Have you ever heard someone call pigeons; “rats with wings”?
Truth is, Pigeon is a French word that derives from the Latin pipio, for a “peeping” chick.
Only a few birds have been associated with humans so closely as the common city pigeon. It has been domesticated and taken around the world, raised for food, trained for homing, racing, and carrying messages, and used in research. Originally native from Europe to North Africa and India, it now lives in a wild or semi-wild condition in cities all over the world. They have extraordinary navigation capabilities and fantastic foraging instincts.
Why is this important? The more you know about Pigeons, the better you will be at deterring them when necessary!
Bird Size & Markings: An adult pigeon is about 14” long, stands 12” high and has a 24” wingspan. While wild pigeons weigh about 14 ounces, overfed domestic pigeons can exceed 18 ounces. Wild rock doves are pale grey with 2 black bars on each wing. Markings for domestic (interbred) pigeons vary widely in both colors and patterns. Habitat: Pigeons find building ledges to be a substitute for naturally occurring cliffs ledges. Pigeons have adapted well to urban life, and are abundant in towns and cities throughout the world. They inhabit every continent except Antarctica. View our Pigeon Facts Sheet (PDF)
Nesting/Dens: Pigeons pair for life and can hatch broods six times a year. A brood can fledge in just 30 days. While they can live in solitary pairs, pigeons prefer to exist in flocks from 10 to 500 birds. Pigeons can and will build nests on any flat surface that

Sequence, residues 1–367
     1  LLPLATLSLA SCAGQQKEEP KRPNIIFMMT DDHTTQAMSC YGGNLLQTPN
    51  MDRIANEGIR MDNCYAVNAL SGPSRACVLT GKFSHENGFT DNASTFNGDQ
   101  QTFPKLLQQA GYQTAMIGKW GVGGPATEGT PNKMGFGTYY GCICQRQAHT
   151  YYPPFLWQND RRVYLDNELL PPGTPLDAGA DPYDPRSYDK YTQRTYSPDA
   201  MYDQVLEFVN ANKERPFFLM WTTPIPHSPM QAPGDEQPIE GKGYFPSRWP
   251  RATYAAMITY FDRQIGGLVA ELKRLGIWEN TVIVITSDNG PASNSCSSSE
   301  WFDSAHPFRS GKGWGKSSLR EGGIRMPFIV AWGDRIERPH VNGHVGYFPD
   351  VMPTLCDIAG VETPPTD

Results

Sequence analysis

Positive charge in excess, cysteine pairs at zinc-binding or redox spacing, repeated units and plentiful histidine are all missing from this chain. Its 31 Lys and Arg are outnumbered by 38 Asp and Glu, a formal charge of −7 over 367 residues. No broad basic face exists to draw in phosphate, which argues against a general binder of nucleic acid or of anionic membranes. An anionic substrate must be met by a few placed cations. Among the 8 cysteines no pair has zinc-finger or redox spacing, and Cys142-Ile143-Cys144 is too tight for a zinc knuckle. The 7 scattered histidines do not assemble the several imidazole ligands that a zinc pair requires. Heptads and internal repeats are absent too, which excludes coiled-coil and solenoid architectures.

will hold the loosely bundled sticks and debris that comprises their nests.
Food: In the wild, pigeons eat seeds, berries, fruits, etc. City pigeons eat whatever is made available to them by humans. This includes everything from garbage in restaurant dumpsters to popcorn thrown to them in the park.
Impact on Human Health: More than 60 diseases have been identified in bird droppings. Each pigeon contributes to the problem by depositing up to 25 pounds of droppings per year. By returning to the same roosts, pigeons create conditions ideal for the growth of unwanted organisms, disease, and parasites. Learn more about bird dung diseases. (PDF)
Impact on Architecture: Bird droppings are hazardous to your property. Left untouched, pigeon droppings can ruin all types of building material. It corrodes steel, rots wood, deteriorates concrete. Each bird can generate 25 pounds of waste; a large flock can quickly overload signs, roofs, awnings, canopies, and bridges.
Culinary: Several species of pigeons and doves are used as food; however, all types are edible. Domesticated or hunted pigeons have been used as the source of food since the times of the Ancient Middle East, Ancient Rome, and Medieval Europe. Doves are considered kosher and are a familiar meat within Jewish, Arab, and French cuisines. It is also known in Asian cuisines, such as Chinese and Indonesian.
NOTE: It is your responsibility to check local, state and federal regulations regarding the control of bird and/or animal species. Simply purchasing the best control does not guarantee success. Best results come from a thorough knowledge of both the species and the product or method you employ. If you have any questions, please contact Nixalite of America Inc and speak with a bird control product specialist.